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Chapter: Modern Pharmacology with Clinical Applications: Opioid and Nonopioid Analgesics

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Opioid Analgesics: Codeine and Other Phenanthrene Derivatives

Like morphine, codeine is a naturally occurring opioid found in the poppy plant.

Codeine and Other Phenanthrene Derivatives

Like morphine, codeine is a naturally occurring opioid found in the poppy plant. Codeine is indicated for the treatment of mild to moderate pain and for its antitus-sive effects. It is widely used as an opioid antitussive be-cause at antitussive doses it has few side effects and has excellent oral bioavailability. Codeine is metabolized in part to morphine, which is believed to account for its analgesic effect. It is one of the most commonly used opioids in combination with nonopioids for the relief of pain. The administration of 30 mg of codeine in combi-nation with aspirin is equivalent in analgesic effect to the administration of 65 mg of codeine. The combina-tion of the drugs has the advantage of reducing the amount of opioid required for pain relief and abolition of the pain via two distinct mechanisms, inhibition of prostanoid synthesis and opioid inhibition of nocicep-tive transmission. When given alone, orally adminis-tered codeine has about one-tenth to one-fifth the po-tency of morphine for the relief of pain. In addition, IV codeine has a greater tendency to release histamine and produce vasodilation and hypotension than does mor-phine. Thus, the use of IV codeine is rare. Codeine is rarely addictive and produces little euphoria.

Adverse effects and drug interactions with codeine are similar to those reported for morphine, although they are less intense. Overdose in children results in the same effects as overdose of morphine, such as respira-tory depression, miosis, and coma; these symptoms are treated with naloxone administration.

Hydrocodone (Hycodan), oxycodone (Roxicodone), dihydrocodeine, hydromorphone (Dilaudid), and oxy-morphone (Numorphan) are derivatives of codeine and morphine. All are indicated for the relief of mild to se-vere pain or for their antipyretic effects; they are often used in combination with nonopioid analgesics. The drugs vary in potency, but their pharmacological effects do not differ significantly from those of codeine or mor-phine.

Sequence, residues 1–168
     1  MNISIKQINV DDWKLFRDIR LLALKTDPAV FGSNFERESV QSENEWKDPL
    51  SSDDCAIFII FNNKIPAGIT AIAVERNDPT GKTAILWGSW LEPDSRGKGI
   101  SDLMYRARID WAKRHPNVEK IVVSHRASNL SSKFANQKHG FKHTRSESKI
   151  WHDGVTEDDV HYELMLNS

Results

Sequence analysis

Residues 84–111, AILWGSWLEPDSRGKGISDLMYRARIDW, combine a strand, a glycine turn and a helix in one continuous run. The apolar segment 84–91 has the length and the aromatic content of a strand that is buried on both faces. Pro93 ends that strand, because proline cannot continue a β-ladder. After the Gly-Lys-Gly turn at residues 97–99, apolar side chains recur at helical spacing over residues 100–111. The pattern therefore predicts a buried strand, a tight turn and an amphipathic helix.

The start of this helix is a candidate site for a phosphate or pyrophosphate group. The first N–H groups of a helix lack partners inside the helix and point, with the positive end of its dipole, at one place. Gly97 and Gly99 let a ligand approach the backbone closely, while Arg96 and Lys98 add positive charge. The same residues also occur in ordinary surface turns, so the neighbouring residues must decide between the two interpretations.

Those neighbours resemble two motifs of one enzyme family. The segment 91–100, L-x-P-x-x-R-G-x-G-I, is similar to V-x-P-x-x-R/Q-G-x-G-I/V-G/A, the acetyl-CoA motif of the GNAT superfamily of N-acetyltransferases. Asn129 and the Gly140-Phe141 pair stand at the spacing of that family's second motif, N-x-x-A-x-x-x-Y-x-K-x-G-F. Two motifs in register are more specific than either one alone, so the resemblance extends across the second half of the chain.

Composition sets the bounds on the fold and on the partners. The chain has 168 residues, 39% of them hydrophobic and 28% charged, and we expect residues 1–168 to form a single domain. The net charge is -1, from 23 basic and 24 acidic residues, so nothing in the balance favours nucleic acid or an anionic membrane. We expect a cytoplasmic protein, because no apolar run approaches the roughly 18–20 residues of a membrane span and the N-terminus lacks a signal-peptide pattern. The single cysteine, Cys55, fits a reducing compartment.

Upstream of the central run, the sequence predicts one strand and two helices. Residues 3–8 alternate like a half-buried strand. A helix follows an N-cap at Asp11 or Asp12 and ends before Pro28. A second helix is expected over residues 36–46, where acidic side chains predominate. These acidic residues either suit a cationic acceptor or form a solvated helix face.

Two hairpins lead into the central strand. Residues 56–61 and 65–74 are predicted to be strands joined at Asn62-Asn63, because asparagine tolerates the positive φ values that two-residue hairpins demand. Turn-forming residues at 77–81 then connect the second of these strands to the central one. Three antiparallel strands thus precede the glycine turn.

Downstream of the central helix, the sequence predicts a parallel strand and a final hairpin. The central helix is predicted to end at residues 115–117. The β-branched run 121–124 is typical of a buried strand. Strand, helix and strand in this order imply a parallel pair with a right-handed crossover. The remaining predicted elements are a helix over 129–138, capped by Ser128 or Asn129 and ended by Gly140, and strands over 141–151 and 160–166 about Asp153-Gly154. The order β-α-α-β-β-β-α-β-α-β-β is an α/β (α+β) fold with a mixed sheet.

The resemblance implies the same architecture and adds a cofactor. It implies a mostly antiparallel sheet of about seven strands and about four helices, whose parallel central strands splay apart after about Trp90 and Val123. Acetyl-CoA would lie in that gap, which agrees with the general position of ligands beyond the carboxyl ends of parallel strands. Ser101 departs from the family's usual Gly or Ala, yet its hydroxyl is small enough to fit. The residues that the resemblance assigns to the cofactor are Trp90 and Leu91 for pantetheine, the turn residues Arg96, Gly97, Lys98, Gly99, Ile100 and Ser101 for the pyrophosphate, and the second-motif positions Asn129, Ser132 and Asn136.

Hydromorphone is eight times as potent as mor-phine but has less bioavailability following oral admin-istration. Its side effects do not differ from those of mor-phine but are more intense. Hydromorphone is indicated for use in severe pain and in high doses for re-lief of pain in opioid-addicted patients.

Oxycodone is nearly 10 times as strong as codeine, with absorption equal to that of orally administered mor-phine. Neither hydromorphone nor oxycodone is ap-proved for use in children, and hydromorphone is con-traindicated in obstetrical analgesia and in asthmatics.

Oxymorphone is 10 times as potent as morphine, with actions similar to those of hydromorphone. Oxymorphone, however, has little antitussive activity, and as such is a useful analgesic in patients with pul-monary disease who need to retain the ability to cough.

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